From the parking lot at Playa Ventanas, there are two ways to get to Playa Carbon. At low tide, you can walk north right along the beach. There’s a point/cliff with some uneven rocks so be sure to have good-gripping shoes.

Or, at any tide, you can take a short, forested trail over the hill.

The Trail to Playa Carbon

The trail to Playa Carbon is easy to find. From the parking lot, walk up the beach to the very northern end of Playa Ventanas. During rainy season, you may have to cross a seasonal stream.

Look for a large tree a little inland from the point. The trailhead is on the right side of the tree where the hill is less steep.

Trailhead Playa Carbon
View of trailhead from Playa Ventanas. The trail starts behind the big tree.

We weren’t sure what to expect from this trail as there wasn’t much information online. We wore sneakers and brought a baby carrier for our youngest. But in reality, the trail is very short and only took us about five minutes. It is not very steep and easily walkable even with flip-flops.

Forest Trail to Playa Carbon from Playa Ventanas
The trail through the forest to Playa Carbon


Although the trail is not very steep, it is narrow and has some uneven spots. It’s just a simple rustic trail through the forest so you won’t find railings or manmade steps.

Trail Playa Carbon
The very end of the trail, right before you get to the beach

Exploring the Black Sand Beach

When you arrive at Playa Carbon, you can immediately see the unique black sand on the upper parts of the beach. At low tide there are also some rocky tidepools to explore.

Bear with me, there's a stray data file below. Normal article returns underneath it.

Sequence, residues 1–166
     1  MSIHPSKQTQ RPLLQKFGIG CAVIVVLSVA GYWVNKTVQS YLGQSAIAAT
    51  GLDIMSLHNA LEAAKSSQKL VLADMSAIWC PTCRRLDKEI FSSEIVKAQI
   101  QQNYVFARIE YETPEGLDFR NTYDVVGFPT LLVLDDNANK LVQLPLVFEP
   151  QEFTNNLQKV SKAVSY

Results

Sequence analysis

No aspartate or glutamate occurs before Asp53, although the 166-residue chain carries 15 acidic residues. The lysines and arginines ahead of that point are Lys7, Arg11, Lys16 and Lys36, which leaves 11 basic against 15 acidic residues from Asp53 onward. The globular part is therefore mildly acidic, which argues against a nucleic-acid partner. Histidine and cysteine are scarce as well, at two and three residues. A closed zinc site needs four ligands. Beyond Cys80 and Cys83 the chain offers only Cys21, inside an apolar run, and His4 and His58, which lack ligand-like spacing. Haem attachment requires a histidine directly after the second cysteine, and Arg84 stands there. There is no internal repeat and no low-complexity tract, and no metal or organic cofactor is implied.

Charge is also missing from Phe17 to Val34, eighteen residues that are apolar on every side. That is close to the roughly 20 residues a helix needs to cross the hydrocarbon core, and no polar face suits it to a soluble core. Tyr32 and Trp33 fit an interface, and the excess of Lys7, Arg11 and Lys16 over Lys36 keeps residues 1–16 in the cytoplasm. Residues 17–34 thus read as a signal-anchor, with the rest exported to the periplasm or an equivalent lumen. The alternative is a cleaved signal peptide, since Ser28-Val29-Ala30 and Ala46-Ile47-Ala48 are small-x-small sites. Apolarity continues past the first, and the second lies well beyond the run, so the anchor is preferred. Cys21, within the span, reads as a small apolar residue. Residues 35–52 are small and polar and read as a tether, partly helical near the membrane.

Playa Carbon curves around in a tight “U” shape. Smaller rocky points divide the beach into small sections.

Toward the middle of the beach, we found some good snorkeling at lower tides. The water was very clear for us in January since there hadn’t been any rain. Keep in mind that the ocean currents here can be stronger so it’s best for more experienced snorkelers.

Being Prepared

One thing about Playa Carbon is that it can be extremely hot. On sunny days, the black sand can reach scorching temperatures that will burn the bottom of your feet.

There is also absolutely no shade on the beach, as it is backed by short grasses and shrubs. There are very few trees and none close to the sand.

If you are planning to spend some time at this beach, we definitely recommend carrying in a beach umbrella and whatever food and drinks you will need. There are no amenities in the immediate area. Also remember to have some kind of footwear and plenty of sunscreen.

Playa Carbon sand color


If you are visiting the Playa Grande area or going beach hopping in Guanacaste, you should definitely add Playa Carbon to your list. The black sand is something that makes it unique and different. And the secluded feel will be just what you need if you are trying to get away from the more crowded beaches.

Have a question about visiting Playa Carbon or want to share your experience? Leave a comment below.

Looking for more information to help you plan? Check out these posts and pages:

Rental Car Discount – A car is essential when exploring beaches in Guanacaste. Use this page to get a discount and free delivery to your hotel or vacation rental.

Playa Conchal: The Allure of Shell Beach – One of our favorite beaches in the area is Playa Conchal. The sand is made up of tiny seashells!

Guanacaste: Regional Snapshot – Learn more about the Guanacaste region of Costa Rica, including seasonal weather, major attractions, and destination information.